In the first year of his disappearance, there were few leads.

In February, the island newspaper ran a story about Alex’s disappearance. Fugiuchi read it and contacted the parents.

Since then, there has been more hope that he’s alive.

Fugiuchi said he talked to a woman who said she saw a young man matching Alex’s description twice this summer. She walks every morning near her home, which borders Polihale State Park on the western shore of Kauai.

The first time the woman saw the young man, he emerged from the bushes. Fugiuchi said the woman’s description was that he looked disheveled. Tired and hungry.

“She told him about a church that serves lunch daily,” the investigator said.


The next day, the woman saw the same man emerge from the same bushes, this time with a female.

“They were both stumbling and appeared drunk or drugged,” Fugiuchi said. “So she didn’t talk to them that time.”

There was another possible sighting of Alex this summer at a Walmart in Lihue, on the opposite side of the island from Polihale State Park. Some people claimed they saw someone matching his description at Salt Pond Park on the south side, 20 miles from Polihale.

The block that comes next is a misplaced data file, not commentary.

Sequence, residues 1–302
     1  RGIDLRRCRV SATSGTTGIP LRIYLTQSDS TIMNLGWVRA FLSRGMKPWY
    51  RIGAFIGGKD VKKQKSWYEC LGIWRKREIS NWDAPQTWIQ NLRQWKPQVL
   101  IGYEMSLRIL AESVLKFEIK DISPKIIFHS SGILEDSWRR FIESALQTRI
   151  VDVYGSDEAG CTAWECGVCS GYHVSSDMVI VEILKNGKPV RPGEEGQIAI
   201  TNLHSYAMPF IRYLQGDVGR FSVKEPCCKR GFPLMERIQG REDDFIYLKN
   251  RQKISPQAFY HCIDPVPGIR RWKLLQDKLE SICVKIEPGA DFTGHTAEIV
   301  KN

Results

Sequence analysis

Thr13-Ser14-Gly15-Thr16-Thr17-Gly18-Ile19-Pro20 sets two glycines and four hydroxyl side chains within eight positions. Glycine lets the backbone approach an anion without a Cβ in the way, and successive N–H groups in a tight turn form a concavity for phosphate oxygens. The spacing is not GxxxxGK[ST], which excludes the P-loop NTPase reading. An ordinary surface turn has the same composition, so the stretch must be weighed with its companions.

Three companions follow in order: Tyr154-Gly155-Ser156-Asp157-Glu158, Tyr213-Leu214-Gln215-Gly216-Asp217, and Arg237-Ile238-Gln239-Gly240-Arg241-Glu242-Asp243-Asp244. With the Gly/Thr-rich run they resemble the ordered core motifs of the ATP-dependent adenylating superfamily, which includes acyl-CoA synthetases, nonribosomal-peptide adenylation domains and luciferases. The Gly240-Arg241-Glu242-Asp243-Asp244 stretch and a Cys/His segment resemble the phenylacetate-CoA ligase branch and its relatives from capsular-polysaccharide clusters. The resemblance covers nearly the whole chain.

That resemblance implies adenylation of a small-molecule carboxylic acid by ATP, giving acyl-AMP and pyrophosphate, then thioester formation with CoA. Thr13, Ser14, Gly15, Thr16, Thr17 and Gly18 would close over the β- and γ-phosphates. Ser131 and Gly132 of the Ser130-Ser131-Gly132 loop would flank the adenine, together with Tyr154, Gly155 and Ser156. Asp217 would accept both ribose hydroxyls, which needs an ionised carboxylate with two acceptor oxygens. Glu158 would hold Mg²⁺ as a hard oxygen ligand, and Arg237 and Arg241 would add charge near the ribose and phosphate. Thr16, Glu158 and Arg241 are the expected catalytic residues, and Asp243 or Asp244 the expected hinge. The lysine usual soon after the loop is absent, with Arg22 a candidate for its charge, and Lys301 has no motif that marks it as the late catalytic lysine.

Fugiuchi said he’s checked out each location himself. Although he hasn’t found Alex, he’s “positive he’s around alive and well.”

“It’s just a matter of timing for me and him,” he said.

When Alex’s friends arrive in November, they might be in a better position to scour the island. Davis said he and Macleod, along with Macleod’s brother, Spenser, and another friend, Alec Lemelin, are committed to spending up to two weeks.


They plan to make a documentary film either way – “even if it’s just telling people about the mark he left,” Davis said.

In North Berwick, his parents wait anxiously. Alex’s room is eerily empty. Some old books and movies on shelves. Bare walls.

Gumm and McLaren said they thought about going to Hawaii last year to look for their son but decided against it. If he went there to get away from them, they are the last people he’d want to see, Gumm explained.

They are putting their hope in his friends.

“I have good days and bad,” McLaren said. “I think the worst, and then there are days I’m feeling more positive. Maybe he’s doing his own thing.”

“I think the best chance is that he’s in a monastery or a program,” Gumm added.

“Do you really think that, Ben?” his wife asked.

“Well, I think there is probably a 50 percent chance,” he replied. “And a 30 percent chance he’s homeless or living off the land. And a 20 percent chance that he’s passed away.”